Snow forms in clouds that are below freezing. Much of the rain that makes it to the surface started out as snow high aloft and then melted before reaching the ground. When saturated air rises it condenses. In other words the moisture turns from a gas and into a liquid. When saturated air cools the moisture condenses out similar to the way in which you will see moisture develop on the outside of a glass of ice-water. When it is below freezing the vapor turns into ice. Due to the nature of the water molecule the ice will develop into 6 sided crystals. If you look at a snowflake you will notice it is likely a bunch of 6 sided ice crystals joined together. When a snowflake gets big enough in a cloud then gravity will push it down toward the surface. The snowflake will continue to get bigger as it joins with other falling crystals. This is especially true if the snowflake is sticky. By sticky that means the snowflake has some liquid water coating on it. The biggest snowflakes tend to occur when the temperature is near freezing. When it is very cold (well below freezing) the snowflakes tend to be smaller and they do not stick together as well.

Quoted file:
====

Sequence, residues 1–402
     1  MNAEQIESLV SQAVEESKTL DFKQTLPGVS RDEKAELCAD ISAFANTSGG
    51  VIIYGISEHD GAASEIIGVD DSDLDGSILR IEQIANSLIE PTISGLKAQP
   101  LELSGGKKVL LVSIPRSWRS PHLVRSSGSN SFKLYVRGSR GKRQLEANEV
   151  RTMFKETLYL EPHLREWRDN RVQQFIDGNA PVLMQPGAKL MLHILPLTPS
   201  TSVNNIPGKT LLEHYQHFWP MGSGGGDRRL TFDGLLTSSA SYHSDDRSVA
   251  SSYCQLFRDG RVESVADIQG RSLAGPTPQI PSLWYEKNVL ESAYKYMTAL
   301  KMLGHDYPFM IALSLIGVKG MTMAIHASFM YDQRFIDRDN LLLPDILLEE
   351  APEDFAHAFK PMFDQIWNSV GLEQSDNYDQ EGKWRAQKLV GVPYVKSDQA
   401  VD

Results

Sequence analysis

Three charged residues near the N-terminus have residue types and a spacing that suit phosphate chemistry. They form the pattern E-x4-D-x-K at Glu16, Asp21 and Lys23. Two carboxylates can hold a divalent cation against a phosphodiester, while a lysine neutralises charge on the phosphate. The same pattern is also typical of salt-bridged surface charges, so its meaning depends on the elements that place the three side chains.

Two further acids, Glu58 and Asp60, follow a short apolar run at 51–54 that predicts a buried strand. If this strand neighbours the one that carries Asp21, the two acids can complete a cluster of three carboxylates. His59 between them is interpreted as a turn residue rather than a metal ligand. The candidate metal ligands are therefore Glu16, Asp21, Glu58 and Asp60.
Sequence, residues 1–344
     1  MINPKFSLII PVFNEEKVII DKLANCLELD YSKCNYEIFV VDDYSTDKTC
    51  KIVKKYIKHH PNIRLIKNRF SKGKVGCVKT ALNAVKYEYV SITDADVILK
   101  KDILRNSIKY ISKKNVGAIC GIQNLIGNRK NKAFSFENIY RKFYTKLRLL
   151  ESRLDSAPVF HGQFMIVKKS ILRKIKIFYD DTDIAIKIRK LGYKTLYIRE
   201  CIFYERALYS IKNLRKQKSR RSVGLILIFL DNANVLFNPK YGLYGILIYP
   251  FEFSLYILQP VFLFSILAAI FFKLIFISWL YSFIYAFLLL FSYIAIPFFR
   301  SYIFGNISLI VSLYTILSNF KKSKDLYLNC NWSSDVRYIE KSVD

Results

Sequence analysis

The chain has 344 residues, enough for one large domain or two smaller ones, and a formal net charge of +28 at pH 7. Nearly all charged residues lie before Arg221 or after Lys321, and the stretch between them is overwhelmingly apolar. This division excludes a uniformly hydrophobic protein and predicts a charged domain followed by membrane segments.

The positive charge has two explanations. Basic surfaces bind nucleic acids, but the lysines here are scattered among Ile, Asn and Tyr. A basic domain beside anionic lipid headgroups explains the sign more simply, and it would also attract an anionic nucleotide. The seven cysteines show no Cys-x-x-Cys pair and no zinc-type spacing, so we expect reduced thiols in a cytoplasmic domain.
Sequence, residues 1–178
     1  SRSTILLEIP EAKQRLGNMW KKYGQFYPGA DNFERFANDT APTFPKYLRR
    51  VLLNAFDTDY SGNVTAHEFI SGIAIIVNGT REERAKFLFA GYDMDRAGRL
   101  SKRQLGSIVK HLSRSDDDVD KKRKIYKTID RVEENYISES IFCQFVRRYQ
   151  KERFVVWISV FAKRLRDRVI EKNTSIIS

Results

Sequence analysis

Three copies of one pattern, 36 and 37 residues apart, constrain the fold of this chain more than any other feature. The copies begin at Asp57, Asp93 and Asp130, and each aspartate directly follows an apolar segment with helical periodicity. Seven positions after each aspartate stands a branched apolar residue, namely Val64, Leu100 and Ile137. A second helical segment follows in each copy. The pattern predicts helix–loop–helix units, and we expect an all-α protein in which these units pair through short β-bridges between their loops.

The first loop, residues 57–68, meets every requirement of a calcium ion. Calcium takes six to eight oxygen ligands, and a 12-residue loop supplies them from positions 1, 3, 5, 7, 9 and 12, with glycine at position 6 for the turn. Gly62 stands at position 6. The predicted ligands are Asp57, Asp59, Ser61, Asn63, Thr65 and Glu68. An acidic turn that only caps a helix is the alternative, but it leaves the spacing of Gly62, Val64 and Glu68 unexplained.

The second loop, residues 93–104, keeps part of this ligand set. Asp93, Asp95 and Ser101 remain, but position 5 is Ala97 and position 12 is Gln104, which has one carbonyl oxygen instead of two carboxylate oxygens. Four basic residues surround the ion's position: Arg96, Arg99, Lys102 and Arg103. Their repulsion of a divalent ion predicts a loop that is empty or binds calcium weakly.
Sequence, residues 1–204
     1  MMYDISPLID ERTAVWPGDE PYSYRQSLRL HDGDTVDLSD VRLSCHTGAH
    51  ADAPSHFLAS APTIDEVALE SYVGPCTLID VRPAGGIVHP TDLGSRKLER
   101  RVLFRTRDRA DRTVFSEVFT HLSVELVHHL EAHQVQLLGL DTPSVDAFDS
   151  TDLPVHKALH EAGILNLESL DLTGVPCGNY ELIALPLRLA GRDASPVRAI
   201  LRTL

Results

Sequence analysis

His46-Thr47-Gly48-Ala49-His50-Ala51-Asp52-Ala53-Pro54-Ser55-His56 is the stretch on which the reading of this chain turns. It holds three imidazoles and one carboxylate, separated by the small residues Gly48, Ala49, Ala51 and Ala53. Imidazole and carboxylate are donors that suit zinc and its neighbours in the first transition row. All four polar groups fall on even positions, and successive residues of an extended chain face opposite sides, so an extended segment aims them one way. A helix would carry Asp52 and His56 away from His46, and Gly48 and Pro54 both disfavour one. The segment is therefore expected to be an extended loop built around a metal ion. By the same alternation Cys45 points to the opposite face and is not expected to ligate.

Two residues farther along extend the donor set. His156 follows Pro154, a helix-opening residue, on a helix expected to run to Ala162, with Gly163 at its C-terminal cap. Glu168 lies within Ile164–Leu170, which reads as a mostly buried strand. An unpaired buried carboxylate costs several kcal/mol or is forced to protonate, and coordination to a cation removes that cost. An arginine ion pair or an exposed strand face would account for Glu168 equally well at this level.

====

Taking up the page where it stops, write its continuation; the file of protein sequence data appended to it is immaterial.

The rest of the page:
To get snow the temperatures need to be cold enough to allow the snowflake to fall to the surface without melting. There also needs to be clouds that build up enough to develop the snow. Many snow events occur due to either rising moisture on the cold side of a low pressure system, upslope rising air that produces snow, and snow to the north of a warm front. Snow is so beautiful to watch. I look forward to each time it snows.